If you hope to enjoy the best retirement possible you need to plan and prepare for your time in the sun. Waiting until after you retire is too late. By then there is little you can do to correct or fine tune any problem areas. A little homework now can help pave the way to a smoother road when you ultimately exit the working masses.
When it comes to retirement planning there are plenty of areas that require careful consideration. After all we are potentially talking about the next 20 to 30 years. How much will you need to live the life you hope to? Where will you live? What’s the best course of action when it comes to healthcare coverage? How do you stay active and engaged? Is there a place for part-time work in your second act? Will you be bored? Where will you find meaning in your days lived?
With so much at stake, it makes sense to investigate all possible sources for guidance.
Mom and dad lived in a different time. What worked for them might not be quite what you are looking for. However their experiences can prove enlightening. Steps they took to migrate from full time work to full time retirement may be worthy of consideration. Mistakes they made can be illuminated and hopefully avoided. Sharing those aspects of retired living they most love may stir your imagination and guide you toward similar successes. The ideal retirement envisioned by our parents is not necessarily perfect for us. But what they have learned along the way just might make our personal journey less bumpy.
Our children may be able to shine a useful light upon our retirement. They have seen the impact of your career on your and their lives. Other than you no one knows better the stress and strains endured to make it in the world. And our kids know what really makes our clocks tick. Who knows better the satisfaction dad felt dragging everyone on weekend driving treks? Or the joy mom experienced when her hand made placemats were the topic of praise at a family reunion? First hand experiences with our life’s ups and downs make them pretty decent coaches. Our kids can provide a good sounding board to bounce ideas off. They want their parents to be happy. And although their perspective is from a younger generation their insights may assist in our efforts.
Our friends are typically more than willing to offer what they feel is useful advice. The thing is when it comes to retirement they are often in the same boat as we. They are unsure exactly what to do in their next life chapter. They are learning as they go. It may well be we end up helping each other plot a course as we work through strategies and make adjustments. After all what are friends for?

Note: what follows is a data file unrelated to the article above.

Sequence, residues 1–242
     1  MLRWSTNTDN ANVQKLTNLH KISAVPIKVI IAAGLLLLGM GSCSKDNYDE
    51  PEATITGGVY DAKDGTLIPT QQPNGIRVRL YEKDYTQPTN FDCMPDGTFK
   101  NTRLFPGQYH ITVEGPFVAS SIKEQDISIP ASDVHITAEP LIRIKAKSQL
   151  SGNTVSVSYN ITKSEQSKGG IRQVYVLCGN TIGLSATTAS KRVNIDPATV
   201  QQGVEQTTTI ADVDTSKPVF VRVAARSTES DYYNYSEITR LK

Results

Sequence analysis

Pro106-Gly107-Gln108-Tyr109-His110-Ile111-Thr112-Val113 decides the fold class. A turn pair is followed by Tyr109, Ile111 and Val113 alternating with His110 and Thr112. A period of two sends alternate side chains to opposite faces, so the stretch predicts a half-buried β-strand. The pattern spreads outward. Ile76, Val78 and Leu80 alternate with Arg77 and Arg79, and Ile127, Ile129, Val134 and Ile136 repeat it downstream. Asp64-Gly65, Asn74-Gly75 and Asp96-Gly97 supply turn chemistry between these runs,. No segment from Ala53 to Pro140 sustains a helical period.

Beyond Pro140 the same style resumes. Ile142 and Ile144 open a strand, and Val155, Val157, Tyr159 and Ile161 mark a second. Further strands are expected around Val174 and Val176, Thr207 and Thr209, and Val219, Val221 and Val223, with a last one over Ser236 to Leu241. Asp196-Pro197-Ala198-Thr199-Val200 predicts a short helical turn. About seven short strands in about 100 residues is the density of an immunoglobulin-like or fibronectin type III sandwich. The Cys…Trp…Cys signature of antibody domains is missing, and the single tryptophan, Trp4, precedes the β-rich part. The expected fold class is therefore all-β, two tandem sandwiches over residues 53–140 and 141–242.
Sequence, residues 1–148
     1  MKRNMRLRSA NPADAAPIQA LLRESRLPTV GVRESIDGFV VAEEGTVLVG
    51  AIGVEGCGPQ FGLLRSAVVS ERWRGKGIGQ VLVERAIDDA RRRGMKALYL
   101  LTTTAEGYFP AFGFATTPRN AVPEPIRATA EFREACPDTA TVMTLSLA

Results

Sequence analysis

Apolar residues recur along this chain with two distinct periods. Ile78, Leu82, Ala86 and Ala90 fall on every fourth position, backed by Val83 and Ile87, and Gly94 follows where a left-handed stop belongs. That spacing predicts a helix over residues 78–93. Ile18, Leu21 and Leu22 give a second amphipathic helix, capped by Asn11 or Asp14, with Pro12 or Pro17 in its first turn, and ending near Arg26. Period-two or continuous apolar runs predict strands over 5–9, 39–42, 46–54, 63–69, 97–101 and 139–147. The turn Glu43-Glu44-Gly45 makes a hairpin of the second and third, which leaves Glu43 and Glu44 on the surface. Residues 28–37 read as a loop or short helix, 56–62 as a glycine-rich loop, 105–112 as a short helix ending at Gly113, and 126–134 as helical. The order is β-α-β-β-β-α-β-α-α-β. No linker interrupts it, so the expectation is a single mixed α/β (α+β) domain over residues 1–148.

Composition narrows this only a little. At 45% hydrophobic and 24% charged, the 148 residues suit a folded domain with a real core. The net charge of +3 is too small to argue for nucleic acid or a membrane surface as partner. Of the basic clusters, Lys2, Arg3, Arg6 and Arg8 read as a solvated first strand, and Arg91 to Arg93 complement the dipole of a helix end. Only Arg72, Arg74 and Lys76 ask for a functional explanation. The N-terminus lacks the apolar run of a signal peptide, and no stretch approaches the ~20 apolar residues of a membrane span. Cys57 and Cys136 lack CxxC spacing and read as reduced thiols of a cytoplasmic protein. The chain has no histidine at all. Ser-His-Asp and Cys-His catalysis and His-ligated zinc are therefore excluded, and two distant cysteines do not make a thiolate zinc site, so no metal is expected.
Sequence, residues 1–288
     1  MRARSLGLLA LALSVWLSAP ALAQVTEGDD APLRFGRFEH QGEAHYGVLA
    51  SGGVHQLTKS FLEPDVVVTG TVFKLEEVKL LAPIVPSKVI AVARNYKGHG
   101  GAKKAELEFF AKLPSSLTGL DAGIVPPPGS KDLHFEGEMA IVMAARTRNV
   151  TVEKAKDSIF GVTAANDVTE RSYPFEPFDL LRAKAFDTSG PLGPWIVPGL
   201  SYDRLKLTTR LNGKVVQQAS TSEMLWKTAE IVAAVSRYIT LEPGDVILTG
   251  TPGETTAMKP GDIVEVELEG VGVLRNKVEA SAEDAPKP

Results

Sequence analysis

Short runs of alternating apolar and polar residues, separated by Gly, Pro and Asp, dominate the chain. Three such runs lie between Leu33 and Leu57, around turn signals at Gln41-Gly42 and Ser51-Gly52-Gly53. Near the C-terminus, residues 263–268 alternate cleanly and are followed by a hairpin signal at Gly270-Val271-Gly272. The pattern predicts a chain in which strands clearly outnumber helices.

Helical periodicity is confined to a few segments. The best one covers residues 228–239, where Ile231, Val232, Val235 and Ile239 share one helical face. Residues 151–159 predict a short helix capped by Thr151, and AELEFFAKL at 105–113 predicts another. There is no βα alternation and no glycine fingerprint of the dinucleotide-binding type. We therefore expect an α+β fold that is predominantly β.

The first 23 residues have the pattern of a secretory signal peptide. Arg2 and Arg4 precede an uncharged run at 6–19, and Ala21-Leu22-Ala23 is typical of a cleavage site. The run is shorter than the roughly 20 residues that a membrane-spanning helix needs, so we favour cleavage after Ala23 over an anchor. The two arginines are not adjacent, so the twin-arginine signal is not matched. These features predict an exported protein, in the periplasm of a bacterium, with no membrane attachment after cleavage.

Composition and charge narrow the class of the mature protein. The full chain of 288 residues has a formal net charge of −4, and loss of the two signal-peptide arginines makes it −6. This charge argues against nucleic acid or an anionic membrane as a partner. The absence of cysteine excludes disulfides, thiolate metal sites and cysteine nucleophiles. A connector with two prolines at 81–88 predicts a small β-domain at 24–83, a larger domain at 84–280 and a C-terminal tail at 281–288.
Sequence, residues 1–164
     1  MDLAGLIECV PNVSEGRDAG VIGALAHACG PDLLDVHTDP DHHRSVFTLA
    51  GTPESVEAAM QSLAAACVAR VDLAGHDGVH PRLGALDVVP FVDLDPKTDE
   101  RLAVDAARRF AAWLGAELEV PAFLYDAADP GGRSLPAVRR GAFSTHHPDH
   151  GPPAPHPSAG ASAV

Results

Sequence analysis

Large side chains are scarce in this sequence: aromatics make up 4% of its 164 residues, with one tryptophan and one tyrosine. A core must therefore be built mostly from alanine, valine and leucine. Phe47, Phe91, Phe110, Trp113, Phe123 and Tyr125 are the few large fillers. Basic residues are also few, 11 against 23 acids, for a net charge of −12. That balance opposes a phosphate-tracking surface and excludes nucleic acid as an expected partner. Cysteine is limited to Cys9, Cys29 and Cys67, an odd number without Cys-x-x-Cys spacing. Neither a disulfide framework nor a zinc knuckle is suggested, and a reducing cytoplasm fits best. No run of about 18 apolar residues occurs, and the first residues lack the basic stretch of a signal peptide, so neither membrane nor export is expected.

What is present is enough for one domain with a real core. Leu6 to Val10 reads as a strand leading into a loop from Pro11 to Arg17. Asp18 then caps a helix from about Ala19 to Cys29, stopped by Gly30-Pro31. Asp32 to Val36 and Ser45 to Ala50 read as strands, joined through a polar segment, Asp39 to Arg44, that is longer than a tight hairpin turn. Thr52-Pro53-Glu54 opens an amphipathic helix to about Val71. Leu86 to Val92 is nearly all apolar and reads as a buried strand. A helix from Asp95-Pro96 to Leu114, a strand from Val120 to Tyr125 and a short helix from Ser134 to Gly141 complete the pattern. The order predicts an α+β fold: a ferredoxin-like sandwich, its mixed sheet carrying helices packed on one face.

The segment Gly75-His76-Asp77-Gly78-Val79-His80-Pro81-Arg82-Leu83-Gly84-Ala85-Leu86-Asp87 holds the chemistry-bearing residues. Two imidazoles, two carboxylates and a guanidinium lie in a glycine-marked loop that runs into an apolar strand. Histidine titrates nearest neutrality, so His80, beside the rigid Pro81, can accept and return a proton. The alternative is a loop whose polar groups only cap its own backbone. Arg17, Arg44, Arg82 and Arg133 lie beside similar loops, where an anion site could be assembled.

Retirement bloggers are another source of useful retirement planning information. In addition to writing most are engaged in their own personal journey, openly sharing hits and misses experienced along the way. Useful insights often come from readers commenting on articles read. Their first hand input add texture to the retirement picture painted by bloggers.
LoveBeingRetired has been rolling since 2010. Since then we have enjoyed a few favorite sites:
Bob Lowry shares his retirement journey on his site A Satisfying Retirement offering insights learned while figuring out the best most meaningful way to live life as a retiree.
Retirement: A Full-Time Job immerses readers in the adventures lived by Sydney Lagier who retired at 44 and has not looked back since.
If you prefer an audio experience, tune into Retirement Journeys hosted by Ted Carr who shares an ever expanding collection of podcasts from authors, bloggers and people navigating their retirement journeys.
AARP, authors, pundits and those in the know offer another avenue to explore when it comes to preparing for your second act. With so many choices available see what friends and family recommend.
If you want to learn about retirement, talk with a retiree. Rarely will you find someone more willing to discuss the ups and downs of retirement than someone already living the life. First of all they have the time. Secondly a captive audience interested in what they have to say will be a positive in their day. Get ready for lots of details and plenty of stories. But what better way to glimpse what lies ahead? Researching what it will be like to be retired is all well and good. But until you find yourself immersed in the role, 24 by 7, you cannot really understand what is involved. Listen up to first hand encounters to learn what it’s all about.
As you prepare to navigate the retirement jungle it makes sense to gather as much information as possible. Get all the facts. Look at your situation from all angles. Listen to advice offered by others. But in the end your retirement is your personal journey. What works for others is rarely a blueprint for your successful retirement. Make plans according to how you hope to live. Trust your gut and be willing to make changes along the way. Accept there will be ups and down but try to stay positive. This is your time to do what you want to do when you want to do it. If that is not a good recipe for happiness I am not sure what is!